The workshop drew together 100 of most skilled and talented public engagement practitioners in a working session. Together, we compiled a set of key success factors and strategies that planners and public engagement teams can use to detoxify public engagement. 

Hopefully you will find these insights valuable and will join the growing list of practitioners contributing to the dialog about how to improve community engagement. Download a free copy of the eBook, Facing Contention: 21 Tips to Detox Public Engagement.

Dave Biggs

Dave Biggs is the Chief Engagement Officer at MetroQuest Community Engagement Software and a passionate public engagement strategist focused on best practices in community engagement for planners.

A image of the World's Columbian Exposition overlayed with a picture of Keanu Reeves in the rain from the movie Point Break.

Keanu Reeves Set to Play Daniel Burnham in ‘The Devil in the White City’

Planning is going to get a new level of star power as a limited series adaptation of The Devil in the White City gets ready for television screens in 2024.

August 8, 2022 - Reel Chicago

View from middle of street in downtown Telluride, Colorado with mountains in background

Marrying Urban Identity and Economic Prosperity

A new book posits that truly successful communities have a strong economic base and a firmly rooted sense of place.

August 5, 2022 - Governing

Los Angeles Downtown Historic Core

Surveying the Rising Trend of Office-to-Residential Conversions

With office vacancies climbing and a stubborn supply crunch driving up the cost of housing, some downtowns have emerged at the forefront of a new wave of adaptive reuse.

August 2, 2022 - CoStar Group News

U.S> Department of Transportation Secretary Pete Buttigieg delivers a speech in front of a bridge in Washington, D.C. The podium where he stands has a sign that reads: "Building a Better America."

$2.2 Billion in RAISE Grant Funding Announced for Transportation Projects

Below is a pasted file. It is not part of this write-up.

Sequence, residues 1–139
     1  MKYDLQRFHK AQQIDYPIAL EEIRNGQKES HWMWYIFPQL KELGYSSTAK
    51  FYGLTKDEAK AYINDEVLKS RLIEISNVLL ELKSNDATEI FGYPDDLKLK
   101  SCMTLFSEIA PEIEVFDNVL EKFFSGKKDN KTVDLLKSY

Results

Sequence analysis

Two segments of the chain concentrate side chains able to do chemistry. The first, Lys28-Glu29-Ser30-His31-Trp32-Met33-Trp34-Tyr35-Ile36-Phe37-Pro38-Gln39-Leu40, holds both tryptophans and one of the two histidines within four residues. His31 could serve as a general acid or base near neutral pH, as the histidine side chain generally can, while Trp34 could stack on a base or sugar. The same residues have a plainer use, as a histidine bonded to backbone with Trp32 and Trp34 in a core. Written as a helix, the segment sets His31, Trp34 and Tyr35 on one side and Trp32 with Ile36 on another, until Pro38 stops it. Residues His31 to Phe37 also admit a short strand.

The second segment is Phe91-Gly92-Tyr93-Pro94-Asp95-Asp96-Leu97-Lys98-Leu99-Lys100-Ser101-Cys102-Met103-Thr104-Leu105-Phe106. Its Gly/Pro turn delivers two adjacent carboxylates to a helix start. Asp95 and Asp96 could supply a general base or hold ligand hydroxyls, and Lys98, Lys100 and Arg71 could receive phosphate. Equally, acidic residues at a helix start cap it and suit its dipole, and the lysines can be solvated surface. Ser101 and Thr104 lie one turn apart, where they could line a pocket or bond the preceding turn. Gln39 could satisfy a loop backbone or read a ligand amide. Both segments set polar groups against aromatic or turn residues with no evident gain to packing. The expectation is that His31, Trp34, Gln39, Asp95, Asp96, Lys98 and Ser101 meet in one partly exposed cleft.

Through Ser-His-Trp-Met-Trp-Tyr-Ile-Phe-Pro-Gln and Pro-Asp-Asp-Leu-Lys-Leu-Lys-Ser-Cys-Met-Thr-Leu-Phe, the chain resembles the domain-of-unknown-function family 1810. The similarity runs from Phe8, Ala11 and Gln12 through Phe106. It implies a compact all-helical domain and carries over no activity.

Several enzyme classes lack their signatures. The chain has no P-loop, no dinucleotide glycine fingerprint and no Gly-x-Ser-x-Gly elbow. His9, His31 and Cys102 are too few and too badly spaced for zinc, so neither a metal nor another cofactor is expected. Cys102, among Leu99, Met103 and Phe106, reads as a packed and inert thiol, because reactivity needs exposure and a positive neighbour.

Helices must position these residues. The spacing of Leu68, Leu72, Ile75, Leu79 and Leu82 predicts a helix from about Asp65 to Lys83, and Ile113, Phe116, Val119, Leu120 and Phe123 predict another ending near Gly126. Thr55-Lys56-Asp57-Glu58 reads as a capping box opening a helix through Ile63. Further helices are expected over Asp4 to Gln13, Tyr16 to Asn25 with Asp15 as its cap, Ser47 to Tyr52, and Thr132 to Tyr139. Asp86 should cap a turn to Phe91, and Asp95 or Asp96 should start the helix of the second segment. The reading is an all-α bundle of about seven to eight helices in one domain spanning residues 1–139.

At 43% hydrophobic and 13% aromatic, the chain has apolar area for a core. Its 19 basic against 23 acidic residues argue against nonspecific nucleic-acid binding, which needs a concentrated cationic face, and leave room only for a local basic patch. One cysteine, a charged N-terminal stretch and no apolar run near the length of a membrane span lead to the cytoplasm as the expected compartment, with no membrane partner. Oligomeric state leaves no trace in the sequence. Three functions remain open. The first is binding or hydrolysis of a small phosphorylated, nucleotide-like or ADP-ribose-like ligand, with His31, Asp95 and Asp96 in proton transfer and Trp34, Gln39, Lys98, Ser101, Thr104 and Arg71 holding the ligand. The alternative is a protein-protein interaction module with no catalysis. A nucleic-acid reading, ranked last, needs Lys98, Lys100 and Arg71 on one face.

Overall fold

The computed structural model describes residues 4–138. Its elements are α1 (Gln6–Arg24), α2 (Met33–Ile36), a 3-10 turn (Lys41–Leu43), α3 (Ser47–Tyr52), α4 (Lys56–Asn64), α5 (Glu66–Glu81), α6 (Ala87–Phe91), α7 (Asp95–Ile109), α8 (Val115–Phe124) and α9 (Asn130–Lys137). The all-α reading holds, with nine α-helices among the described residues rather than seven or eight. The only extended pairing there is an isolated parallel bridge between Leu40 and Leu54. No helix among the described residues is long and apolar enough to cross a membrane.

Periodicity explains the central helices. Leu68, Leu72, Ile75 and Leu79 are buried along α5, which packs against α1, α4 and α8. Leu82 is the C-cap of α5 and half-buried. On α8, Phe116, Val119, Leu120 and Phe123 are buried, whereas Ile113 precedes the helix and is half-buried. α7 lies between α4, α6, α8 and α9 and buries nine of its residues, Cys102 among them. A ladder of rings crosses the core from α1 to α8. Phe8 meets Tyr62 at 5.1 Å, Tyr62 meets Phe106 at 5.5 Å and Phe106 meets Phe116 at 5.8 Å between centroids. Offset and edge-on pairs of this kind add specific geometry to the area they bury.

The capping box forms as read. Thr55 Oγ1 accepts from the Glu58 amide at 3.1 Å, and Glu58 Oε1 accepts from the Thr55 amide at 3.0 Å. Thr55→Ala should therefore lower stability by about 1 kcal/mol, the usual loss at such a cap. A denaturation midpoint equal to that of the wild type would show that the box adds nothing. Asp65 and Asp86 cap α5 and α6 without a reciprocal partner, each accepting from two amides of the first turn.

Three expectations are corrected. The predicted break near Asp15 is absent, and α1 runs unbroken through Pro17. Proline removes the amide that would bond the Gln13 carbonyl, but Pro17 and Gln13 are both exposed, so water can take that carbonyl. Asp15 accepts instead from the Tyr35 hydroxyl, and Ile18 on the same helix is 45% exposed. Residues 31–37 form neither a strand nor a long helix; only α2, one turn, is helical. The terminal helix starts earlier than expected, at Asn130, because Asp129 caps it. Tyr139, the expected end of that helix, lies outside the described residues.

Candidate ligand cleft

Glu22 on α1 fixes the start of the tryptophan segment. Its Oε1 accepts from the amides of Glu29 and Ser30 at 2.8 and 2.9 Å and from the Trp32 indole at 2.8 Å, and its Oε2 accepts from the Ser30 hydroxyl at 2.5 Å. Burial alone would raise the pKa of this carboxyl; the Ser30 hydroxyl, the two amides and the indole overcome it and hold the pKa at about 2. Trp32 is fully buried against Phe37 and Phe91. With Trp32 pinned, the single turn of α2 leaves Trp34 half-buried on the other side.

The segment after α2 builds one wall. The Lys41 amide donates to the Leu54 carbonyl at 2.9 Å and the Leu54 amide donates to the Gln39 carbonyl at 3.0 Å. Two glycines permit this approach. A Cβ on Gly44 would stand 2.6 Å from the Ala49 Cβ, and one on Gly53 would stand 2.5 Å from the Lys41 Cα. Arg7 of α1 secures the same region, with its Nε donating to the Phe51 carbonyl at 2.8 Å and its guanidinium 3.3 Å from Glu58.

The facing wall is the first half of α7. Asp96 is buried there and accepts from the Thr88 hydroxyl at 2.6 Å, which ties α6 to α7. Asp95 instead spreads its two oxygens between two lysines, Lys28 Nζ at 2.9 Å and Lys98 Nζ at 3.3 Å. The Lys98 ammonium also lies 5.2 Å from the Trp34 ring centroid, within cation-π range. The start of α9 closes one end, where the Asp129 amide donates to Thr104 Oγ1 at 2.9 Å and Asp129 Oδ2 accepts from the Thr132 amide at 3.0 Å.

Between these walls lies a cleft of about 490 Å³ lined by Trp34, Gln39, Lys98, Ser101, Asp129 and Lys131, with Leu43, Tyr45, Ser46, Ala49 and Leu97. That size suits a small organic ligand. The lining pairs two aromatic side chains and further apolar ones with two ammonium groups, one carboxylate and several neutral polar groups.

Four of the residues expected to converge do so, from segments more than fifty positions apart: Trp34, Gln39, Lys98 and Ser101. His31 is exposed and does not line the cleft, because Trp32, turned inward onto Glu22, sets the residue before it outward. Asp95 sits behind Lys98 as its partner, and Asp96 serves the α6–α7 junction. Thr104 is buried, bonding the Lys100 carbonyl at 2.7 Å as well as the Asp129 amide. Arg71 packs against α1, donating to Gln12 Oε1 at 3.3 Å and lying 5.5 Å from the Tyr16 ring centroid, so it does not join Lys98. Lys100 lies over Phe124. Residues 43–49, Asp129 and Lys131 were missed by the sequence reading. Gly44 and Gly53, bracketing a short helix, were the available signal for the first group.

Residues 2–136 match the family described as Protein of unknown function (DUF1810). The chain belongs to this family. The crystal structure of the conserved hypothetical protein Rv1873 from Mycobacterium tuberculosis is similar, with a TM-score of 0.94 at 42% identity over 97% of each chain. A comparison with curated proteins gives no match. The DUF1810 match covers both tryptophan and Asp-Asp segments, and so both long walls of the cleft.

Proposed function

The Rebuilding American Infrastructure with Sustainability and Equity (RAISE) competitive grant program, supersized by the federal infrastructure bill in 2021, just announced a new round of funding.

August 11 - U.S. Department Of Transportation

Aerial view of Salida, Colorado with mountains in background

Colorado Workers Squeezed by Housing Crisis

In Colorado’s booming resort towns, even sleeping in your car has become an unaffordable luxury.

August 11 - Denver Post

An aerial view of Los Angeles at dawn, with Westlake and MacArthur Park in the foreground and Downtown Los Angeles in the background.

Did L.A.’s Supportive Housing Bond Fail?

Six years after Prop HHH was passed, the fund appears to be delivering on its housing construction goals in the 10-year timeline. But the measure is being routinely criticized on all sides.

August 11 - Shelterforce Magazine

Urban Design for Planners 1: Software Tools

This six-course series explores essential urban design concepts using open source software and equips planners with the tools they need to participate fully in the urban design process.

Hand Drawing Master Plans

This course aims to provide an introduction into Urban Design Sketching focused on how to hand draw master plans using a mix of colored markers.